Tag: <span>Reassurance</span>

When Reassurance Backfires Uncategorized

When Reassurance Backfires

Does this look good? Read this for me, does it sound okay? Is it too harsh? I have this weird sensation in my leg, what do you think it is? Should I get it checked out? Did I do that okay? Was I awkward?  If this sounds like you, let’s have a chat about what impact the reassurance you receive is actually having on you.

You probably assume that the reassurance you’re seeking from others is helpful in some way. It answers questions you’re unsure of, helps you feel more confident, decreases unpleasant emotions, and provides you with relief. But, how often does that confidence, certainty, and relief last? Not very long, most likely. And why did you feel like you needed it in the first place?

Getting stuck in this cycle of feeling like we need reassurance from others, causes us to lose trust in our decisions and ourselves. We, then, begin convincing ourselves that we need this reassurance from others to move forward. When we look at this from a cognitive-behavioral therapy (CBT) perspective, it’s easy to see how this could be problematic. We experience a situation; this situation leaves us with uncertainty about it or the outcome of it (thought component); we feel uncomfortable/distress about this uncertainty (feeling/emotional component); we seek reassurance from others (behavioral component). Then, once we seek reassurance and someone gives us the “answer,” our level of distress or discomfort decreases and we experience relief. This actually reinforces the idea that we need to seek reassurance from other people. That reassurance took away our distress and provided us with some degree of certainty. Because our need for reassurance has been strengthened, the next time we find ourselves in a similar situation (uncertain and uncomfortable), we are more likely to seek reassurance again.  Thus, not allowing us to trust our own judgment and abilities to manage the situation, and encourages us to avoid any discomfort.

Let’s use an example: I’m writing an email to another professional. I’ve read it a few times, but I’m not sure if it sounds good enough or if I missed a small mistake. I’m nervous about sending it, so I ask someone to proofread it to make sure I didn’t make any typos and I communicated clearly and professionally. They agree and provide me with the reassurance that it sounds good and I can send it. I feel better because someone else checked my work and said it was okay. The next time I have to send a similar email, I’ll probably ask someone to check it for me.  Why?  Well, I’m beginning to convince myself that the only reason I didn’t have typos and it sounded good enough was because someone else looked it over. I also don’t think I can handle the discomfort/distress of sending it without getting it checked! What happens if I miss a typo? What will they think? What if it’s not professional? All of these questions are flying through my mind and I can easily fix it by asking someone else! So, why not?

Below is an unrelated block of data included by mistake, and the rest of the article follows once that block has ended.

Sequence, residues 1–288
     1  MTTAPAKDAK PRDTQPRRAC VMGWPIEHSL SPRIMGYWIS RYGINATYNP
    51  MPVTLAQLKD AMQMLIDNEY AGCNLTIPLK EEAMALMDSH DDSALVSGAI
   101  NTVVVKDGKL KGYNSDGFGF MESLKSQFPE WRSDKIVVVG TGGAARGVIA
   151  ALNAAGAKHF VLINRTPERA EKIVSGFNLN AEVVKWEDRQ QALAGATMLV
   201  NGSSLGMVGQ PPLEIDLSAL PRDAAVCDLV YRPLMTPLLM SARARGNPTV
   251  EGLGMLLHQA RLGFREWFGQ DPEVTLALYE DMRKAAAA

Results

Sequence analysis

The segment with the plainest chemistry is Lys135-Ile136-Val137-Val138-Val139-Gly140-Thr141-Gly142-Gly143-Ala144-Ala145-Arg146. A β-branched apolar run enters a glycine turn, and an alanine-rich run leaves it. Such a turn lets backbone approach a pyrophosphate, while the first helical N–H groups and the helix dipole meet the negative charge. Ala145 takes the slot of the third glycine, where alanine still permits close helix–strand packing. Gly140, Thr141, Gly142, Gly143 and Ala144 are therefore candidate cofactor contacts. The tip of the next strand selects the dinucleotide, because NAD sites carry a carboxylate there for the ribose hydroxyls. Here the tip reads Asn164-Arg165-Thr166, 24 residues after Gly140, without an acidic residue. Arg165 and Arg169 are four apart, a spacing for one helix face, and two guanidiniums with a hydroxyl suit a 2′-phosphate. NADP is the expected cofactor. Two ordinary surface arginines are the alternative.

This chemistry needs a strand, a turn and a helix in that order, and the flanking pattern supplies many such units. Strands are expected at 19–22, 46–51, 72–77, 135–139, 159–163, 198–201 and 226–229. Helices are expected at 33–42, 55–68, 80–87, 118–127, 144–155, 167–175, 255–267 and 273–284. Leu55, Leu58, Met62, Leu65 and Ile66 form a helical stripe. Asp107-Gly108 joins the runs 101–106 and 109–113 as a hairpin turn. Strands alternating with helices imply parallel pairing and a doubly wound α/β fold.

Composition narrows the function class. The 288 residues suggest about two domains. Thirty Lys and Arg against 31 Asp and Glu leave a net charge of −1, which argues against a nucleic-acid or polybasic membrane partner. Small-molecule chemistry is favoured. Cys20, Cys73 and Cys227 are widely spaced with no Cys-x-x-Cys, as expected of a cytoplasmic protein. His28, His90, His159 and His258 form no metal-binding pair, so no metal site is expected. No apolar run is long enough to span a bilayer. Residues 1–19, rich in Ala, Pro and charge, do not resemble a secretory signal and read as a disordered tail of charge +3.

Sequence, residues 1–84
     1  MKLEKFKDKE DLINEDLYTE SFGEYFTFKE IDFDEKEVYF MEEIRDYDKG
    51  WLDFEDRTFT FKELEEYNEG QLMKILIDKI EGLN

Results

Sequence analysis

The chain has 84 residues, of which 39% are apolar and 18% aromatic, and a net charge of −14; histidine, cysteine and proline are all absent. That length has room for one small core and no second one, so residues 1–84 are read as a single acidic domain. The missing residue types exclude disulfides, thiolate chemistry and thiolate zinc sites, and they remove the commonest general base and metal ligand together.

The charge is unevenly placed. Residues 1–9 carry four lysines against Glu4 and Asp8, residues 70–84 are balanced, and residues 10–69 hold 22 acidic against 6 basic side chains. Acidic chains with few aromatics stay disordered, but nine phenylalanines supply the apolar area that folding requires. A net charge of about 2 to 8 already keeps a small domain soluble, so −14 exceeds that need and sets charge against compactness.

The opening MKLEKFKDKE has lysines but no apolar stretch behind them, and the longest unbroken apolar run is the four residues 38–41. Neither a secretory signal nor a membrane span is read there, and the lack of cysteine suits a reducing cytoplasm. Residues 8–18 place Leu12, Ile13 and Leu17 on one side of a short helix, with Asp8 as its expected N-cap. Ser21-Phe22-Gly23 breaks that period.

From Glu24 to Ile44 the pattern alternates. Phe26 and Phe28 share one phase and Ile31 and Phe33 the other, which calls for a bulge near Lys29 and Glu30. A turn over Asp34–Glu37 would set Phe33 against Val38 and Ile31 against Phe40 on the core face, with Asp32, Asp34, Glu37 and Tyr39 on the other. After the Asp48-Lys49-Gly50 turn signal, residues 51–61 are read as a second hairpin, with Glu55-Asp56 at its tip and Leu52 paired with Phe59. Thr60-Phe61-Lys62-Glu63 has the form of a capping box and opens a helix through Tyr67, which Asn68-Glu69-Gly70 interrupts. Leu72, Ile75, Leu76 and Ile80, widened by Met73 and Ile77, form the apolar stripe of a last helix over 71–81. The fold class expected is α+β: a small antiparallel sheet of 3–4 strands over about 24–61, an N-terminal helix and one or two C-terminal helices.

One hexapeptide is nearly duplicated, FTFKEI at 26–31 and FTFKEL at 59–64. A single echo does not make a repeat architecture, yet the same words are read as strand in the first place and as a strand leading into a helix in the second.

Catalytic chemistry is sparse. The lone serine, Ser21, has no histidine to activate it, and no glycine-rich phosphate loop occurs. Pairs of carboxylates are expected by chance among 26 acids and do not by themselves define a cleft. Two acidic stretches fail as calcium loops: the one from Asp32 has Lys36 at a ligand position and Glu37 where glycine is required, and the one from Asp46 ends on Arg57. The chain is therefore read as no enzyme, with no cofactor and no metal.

Learning how to manage these questions and uncertainties is a key skill to navigating so many areas of our lives! It’s important to move away from this need for immediate relief and figure out how we can handle some of these questions on our own.  Sometimes, this means we don’t get an answer and have to sit in uncertainty and discomfort. The other thing that reassurance can “do for us” is teach us that we cannot handle making a mistake, sounding unprofessional, saying something harsh, etc. Simply put…that’s not true! We can cope with these situations, but constantly avoiding them via reassurance will not bolster our confidence, it does just the opposite!  Think about all the uncertainties we sit with on a daily basis.  We can’t be certain that our day will go as planned, if we’ll spill something on ourselves, if something happens that causes us to be late, if someone gets sick, if we get into an accident, if we get a distressing phone call, and so many more!  If we’re able to sit with uncertainty for so much of our day, then why do we convince ourselves that we can’t manage in these other very specific situations?  Also, when these more routine uncertainties and uncomfortable situations do arise, we move into problem-solving mode and figure out how to get things done and work through them.  We cope with that unknown and as a result, we build confidence in ourselves.

I’m not discounting that there is a time and a place for reassurance. However, when it’s overused and a “go-to,” it becomes problematic. It’s not easy to change the way we typically respond to uncertainties that bother us, but it is absolutely possible. The end goals are to learn how to tolerate not knowing, cope with whatever happens, and learn how to trust ourselves again and those are all amazing outcomes.  So, the next time you feel the need to seek reassurance, try to approach the situation on your own and see what happens!